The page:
3. Sports is a state subject which means that there is a lack of unified vision as a nation. Subsequently, there is a lack of segregation of duties amongst those in charge. Many Indian sporting organisation find their governance body handling management work too which is a major deterrent to the ethical functioning of any governing body.


4. Lack of grassroot sports infrastructure and poor maintenance of existing facilities.


5. Unfavourable perceptual mapping of sports as a career compared to a hobby. Many parents believe that sports is not a lucrative career to pursue and hence many young potential athletes cannot realize their dream of pursuing sports as a career.


6. The guidelines to obtain funding are very restricted and ambiguous due to which only a handful of entities can undertake funding. For instance, both the Samagra Shiksha Abhiyaan and Fit India Movement are policies implemented to provide sports equipment to government schools and ensure maintenance, but due to duplication of policies, this raises confusion amongst interested schools as to whether they will get funding from both these programmes and who are they accountable to.


7. Red tape and corruption are unfortunately still prevalent across the Indian governance ecosystem and the sporting ecosystem is also suffering from the same. In 2012 the Indian Olympic Association (IOA) was suspended from the International Olympic Committee (IOC) for electing members with pending criminal cases against them in its governing body. This forced Indian athletes to compete at the Sochi Winter Games under the IOC flag, instead of the Indian banner.




5.Roadmap to developing sports in India


India can reach the pinnacle of world sports within the next 30 years if the governing bodies commit the required resources to do the same. Having one of the youngest population demographics in comparison to countries like China, India is currently in its “sporting prime” and can catapult itself to greater heights. This can be done if there is a shared vision and a long-term strategy. Basis this premise, the following recommendations can help India realise this vision.


1. Inculcating a culture of participation in sports at a very young age. This can be achieved by educating the masses as to how sports can be a lucrative career and ensuring that schools place equal focus on integrating physical education in the existing curriculum.


2.  Similar to India developing Smart Cities, likewise the concept of “Sport Cities” should be encouraged. These cities will be major hubs for aspiring athletes and would offer them with the best infrastructure, opportunities and environment needed to succeed.


3. Government should promote startups and foreign investments in the sporting ecosystem to help solve major problems such as lack of well-maintained infrastructure, poor/no availability of coaching, under-utilization of existing facilities. Doing so would also help ease the burden on the government.


4. Having more transparency and accountability in the way various sports governance bodies operate. It is essential that sports are free from all bureaucratic handicaps that currently exist in abundance.


5. All the stakeholders (governing bodies, coaches, players etc) should all be on the same page in terms of goals and objectives. The guidelines governing the bodies should be as clear and concise as possible.


6. The establishment of PPP (Public private partnership) should be implemented on a large scale in India as doing so would allow collaboration amongst the state and private bodies to further facilitate the growth of sports. Under this model the government leases out facilities to private sector entities, who are responsible for developing the facilities, maintaining and operating them. There is a shared benefit for all the stakeholders involved. To further prove the validity of this model, the state-of-the-art airports of Delhi and Bangalore are products of the PPP model.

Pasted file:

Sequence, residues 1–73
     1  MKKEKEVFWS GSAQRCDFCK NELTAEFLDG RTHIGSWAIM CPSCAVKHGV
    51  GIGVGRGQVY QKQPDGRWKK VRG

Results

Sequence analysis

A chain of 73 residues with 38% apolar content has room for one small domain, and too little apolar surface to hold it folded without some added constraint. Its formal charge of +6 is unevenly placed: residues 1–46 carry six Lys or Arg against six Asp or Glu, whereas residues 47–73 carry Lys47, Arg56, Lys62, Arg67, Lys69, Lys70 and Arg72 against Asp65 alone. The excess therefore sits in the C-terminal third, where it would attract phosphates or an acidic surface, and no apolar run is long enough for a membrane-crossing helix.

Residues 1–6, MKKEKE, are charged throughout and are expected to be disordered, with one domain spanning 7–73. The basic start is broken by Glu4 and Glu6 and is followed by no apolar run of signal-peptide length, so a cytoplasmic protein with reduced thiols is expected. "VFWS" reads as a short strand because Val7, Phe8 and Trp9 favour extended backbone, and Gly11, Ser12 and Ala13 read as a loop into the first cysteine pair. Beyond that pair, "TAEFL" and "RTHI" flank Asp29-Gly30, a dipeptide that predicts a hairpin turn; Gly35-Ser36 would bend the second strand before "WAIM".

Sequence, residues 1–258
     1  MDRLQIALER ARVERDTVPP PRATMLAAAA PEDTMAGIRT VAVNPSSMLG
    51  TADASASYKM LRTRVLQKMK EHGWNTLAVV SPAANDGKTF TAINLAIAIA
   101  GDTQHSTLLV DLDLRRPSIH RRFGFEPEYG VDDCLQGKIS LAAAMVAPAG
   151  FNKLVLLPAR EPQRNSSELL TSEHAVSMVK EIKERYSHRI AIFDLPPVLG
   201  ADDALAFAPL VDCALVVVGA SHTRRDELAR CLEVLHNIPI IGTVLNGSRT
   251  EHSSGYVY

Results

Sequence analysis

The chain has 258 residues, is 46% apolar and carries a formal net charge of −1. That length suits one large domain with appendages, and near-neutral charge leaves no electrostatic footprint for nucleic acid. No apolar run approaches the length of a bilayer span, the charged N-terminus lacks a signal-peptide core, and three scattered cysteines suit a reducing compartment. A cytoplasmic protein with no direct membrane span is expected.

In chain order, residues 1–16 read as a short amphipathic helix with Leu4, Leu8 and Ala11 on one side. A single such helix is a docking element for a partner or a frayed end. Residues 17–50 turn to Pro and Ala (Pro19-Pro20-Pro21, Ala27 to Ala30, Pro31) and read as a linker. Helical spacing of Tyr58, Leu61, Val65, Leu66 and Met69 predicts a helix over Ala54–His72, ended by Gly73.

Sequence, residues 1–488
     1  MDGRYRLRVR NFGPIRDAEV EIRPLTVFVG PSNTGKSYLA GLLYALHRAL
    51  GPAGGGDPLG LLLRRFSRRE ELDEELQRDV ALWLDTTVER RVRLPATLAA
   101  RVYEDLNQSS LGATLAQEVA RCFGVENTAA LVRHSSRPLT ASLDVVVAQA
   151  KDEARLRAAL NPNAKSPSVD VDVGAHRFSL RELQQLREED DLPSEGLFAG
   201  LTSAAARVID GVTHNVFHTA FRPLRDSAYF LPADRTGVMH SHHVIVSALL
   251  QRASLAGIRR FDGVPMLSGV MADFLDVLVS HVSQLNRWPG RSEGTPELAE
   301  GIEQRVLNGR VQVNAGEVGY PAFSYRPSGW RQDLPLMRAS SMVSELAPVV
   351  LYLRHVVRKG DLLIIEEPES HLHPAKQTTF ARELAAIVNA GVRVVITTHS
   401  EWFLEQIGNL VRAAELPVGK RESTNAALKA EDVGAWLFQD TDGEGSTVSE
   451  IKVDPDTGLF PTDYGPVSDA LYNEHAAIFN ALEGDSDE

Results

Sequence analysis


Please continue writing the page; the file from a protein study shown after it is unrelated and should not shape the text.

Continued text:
7. Giving more emphasis on sports such as basketball and football where India is clearly behind the power curve.




6.Conclusion


India has already started taking small but meaningful steps in the path to augmentation of the sports industry. The country has slowly but gradually begun to realize that sports is more than a means of propagating physical and mental well-being, it is a key proponent for the growth of a country as investment in sports leads to exponential growth in not only the sport itself but also industries like hospitality, tourism, media and advertising etc. India has amassed a total of 35 Olympic medals since its participation in the year 1900 in comparison to United States 2980 medals. Niti Ayog devised a plan to get India 50 medals at the 2024 Olympics which would surpass India’s grand total of 35 if things go as per plan.


Just like any organisation cannot achieve success without all departments working in synchronization towards a common goal, it is paramount that India implements a unified sporting strategy to avoid having an identity crisis from being tunnel visioned. With programmes such as Khelo India which provide a podium to youngsters to showcase their talent, India is definitely moving on the right track. We can see how sports like Kabaddi have started to gain popularity amongst the masses and doing so has helped to promote the country’s heritage.


It is crucial that the sport’s governing bodies do not take their foot of the pedal any time soon. The governing bodies can help speed up the process of metamorphosis of the sports industry by adopting the PPP model, fostering a culture of competitive sports at school level, incentivizing participation in sports and dusting the cobwebs of lackadaisical and poor governance amongst sporting authorities. Doing so would help India establish itself as one of the superpowers in the global sports industry.  




Meet The Thought Leader


Subham Rajgaria  is a mentor at GGI an undergraduate from IIT Kharagpur. He is an incoming MBA candidate at HBS. He has worked at legacy firms such as Westbridge capital and Mckinsey & Co.









Meet The Authors (GGI Fellows)



Lalit is a seasoned professional with over 3 years of experience in the external audit of Wealth and Asset Management clients during his time at Ernst and Young. Having done his undergraduation in the field of finance and being a qualified ACCA he is passionate about the science behind numbers and equipping himself with relevant skills to make a positive impact in the ecosystem. He loves to travel and explore/learn about different cultures.






If you are interested in applying to GGI's Impact Fellowship program, you can access our application link here.